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  • Roundtable: Negotiating Feminist and Gender Studies
  • Irene Oh (bio)

1. Do you see yourself as pursuing studies in gender and religion or feminist studies in religion? (And why?)

I think of feminist studies in religion as a subset of gender and religion because the term feminist carries historical and cultural connotations that distinguish it from other ways of recognizing gender. This means that I see myself as pursuing studies in both gender and religion, as well as feminist studies in religion. Because of the work that I have done in the study of Islam, as well as my current research on motherhood, I am aware that some groups of Muslim women and some mothers would rather not associate themselves as feminists. Some Muslim women believe that feminism is synonymous with contemporary Western cultural norms—specifically, secular liberal norms—that they reject in favor of a religious worldview that affirms women as different but as important as men in society and before God. Some mothers, too, see themselves in this way—as different, but equally important—and do not believe that feminism includes them. While I disagree because I think that women who benefit from the political activism of feminists (for example, the right to vote, attend universities, pursue a career, and so on) are arguably also feminists, I also find that forcing [End Page 139] a feminist label upon these women is unnecessary because I can still describe using other vocabulary the beliefs that they hold about women and gender.

2. What kinds of challenges have you faced in your course work and research?

The greatest challenge in course work is being at the right institution at the right time. By this, I mean having the option of taking courses every semester or finding an available mentor who focuses on your subject matter of interest. I would venture that this is less of an issue if you study, for example, Paul or Western Christian theology more generally because there is likely someone who will be offering a course that is directly relevant. This was not true of feminist ethics, gender and religion, or Islam when I was in graduate school in the late 1990s and early 2000s. These courses were not offered with frequency or predictability, and were considered additions to one’s “main” area of study.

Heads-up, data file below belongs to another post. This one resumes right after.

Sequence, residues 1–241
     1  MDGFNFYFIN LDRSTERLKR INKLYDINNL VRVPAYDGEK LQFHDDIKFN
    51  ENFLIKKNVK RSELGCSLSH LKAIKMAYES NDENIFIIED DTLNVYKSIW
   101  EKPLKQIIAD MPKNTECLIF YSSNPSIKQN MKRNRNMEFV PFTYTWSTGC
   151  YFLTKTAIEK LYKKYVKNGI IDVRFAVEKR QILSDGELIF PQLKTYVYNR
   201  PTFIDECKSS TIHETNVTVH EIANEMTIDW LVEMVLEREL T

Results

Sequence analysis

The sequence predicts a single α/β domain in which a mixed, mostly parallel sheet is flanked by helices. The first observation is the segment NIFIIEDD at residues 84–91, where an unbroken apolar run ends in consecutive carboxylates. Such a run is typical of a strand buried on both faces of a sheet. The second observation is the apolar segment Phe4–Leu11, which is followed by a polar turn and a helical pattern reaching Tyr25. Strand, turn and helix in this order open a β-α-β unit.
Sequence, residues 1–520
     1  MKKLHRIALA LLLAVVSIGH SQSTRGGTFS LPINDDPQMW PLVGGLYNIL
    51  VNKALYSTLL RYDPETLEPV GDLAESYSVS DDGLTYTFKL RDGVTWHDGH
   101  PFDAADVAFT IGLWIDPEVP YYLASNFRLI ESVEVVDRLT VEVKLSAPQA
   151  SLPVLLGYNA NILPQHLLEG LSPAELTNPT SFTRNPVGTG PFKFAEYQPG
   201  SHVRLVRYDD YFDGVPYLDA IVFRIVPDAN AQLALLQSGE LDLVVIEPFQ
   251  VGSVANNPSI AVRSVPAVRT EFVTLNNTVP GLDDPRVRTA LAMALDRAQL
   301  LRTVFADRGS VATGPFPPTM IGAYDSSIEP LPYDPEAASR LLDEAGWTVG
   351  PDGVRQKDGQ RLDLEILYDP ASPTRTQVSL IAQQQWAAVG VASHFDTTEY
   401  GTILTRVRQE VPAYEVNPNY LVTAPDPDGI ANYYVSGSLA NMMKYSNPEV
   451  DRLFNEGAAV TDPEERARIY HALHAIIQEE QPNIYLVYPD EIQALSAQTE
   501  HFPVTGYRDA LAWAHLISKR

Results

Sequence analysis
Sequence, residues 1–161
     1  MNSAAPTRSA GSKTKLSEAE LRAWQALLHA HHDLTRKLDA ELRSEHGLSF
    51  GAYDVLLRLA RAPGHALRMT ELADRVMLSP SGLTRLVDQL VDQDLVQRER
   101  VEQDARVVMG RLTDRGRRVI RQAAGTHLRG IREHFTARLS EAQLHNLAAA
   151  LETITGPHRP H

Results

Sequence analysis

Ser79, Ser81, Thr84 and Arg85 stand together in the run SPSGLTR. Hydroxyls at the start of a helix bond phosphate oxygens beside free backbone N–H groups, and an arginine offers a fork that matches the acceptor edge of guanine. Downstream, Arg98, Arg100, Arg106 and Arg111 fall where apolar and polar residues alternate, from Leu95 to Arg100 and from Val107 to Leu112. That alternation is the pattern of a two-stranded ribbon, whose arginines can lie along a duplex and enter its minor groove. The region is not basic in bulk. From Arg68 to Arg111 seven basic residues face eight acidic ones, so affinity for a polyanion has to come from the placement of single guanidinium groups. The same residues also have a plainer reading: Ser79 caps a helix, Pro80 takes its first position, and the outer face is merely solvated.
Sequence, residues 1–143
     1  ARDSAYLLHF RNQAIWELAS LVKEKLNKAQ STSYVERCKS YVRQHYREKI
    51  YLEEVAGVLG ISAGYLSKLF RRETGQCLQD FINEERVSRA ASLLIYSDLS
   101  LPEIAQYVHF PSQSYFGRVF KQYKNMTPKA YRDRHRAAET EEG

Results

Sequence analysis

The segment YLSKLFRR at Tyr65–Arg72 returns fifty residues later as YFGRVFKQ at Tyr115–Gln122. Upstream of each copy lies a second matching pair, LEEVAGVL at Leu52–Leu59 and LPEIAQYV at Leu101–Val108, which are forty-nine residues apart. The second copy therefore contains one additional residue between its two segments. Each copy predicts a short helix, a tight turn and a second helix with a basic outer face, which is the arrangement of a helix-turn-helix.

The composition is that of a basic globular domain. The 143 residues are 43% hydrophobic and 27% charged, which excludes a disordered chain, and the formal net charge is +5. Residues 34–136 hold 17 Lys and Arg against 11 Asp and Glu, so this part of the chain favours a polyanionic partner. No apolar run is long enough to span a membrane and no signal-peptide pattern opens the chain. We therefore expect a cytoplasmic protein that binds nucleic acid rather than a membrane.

As for research, my greatest challenge is perhaps the most common one for young female faculty—trying to balance the demands of teaching, raising a young child with a partner who also has a full-time career, and research. I have been very fortunate to have held tenure-track appointments at research universities that have superb libraries with amazing online resources, fair teaching loads, and supportive colleagues. If one of these three was absent, research would be extremely difficult. Also, my posts have provided me travel stipends so that I could attend annually one or two conferences, where I could regularly meet with scholars who focus on comparative religious ethics. These conferences have been essential for networking, publishing, and keeping up-to-date on developments in the field. Aside from these issues, I find one formidable research challenge: the institutional difficulty of working across disciplines. It takes a lot of initiative to find colleagues in philosophy, sociology, history, and to develop and maintain those relationships personally and professionally.

3. What sorts of challenges have you faced at your current institution?

I just started at The George Washington University this fall, so I can only guess as to what those challenges might be. I anticipate that my added responsibilities of directing the Peace Studies program will present administrative challenges and require me to adjust my teaching and research balance. I am also keeping my eyes open for a mentor who will be generous in helping to guide me through the institution.

4. What do you see as some of the theoretical limitations in the field of gender and religion or feminist studies in religion?

Even though scholars of gender and religion/feminist studies have accepted religious diversity, we have yet to develop sufficient theoretical frameworks (often adapted from philosophy or anthropology) to make sense of this diversity as ethicists. Saba Mahmood’s work comes...

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Additional Information

ISSN
1553-3913
Print ISSN
8755-4178
Pages
pp. 139-142
Launched on MUSE
2010-06-13
Open Access
No
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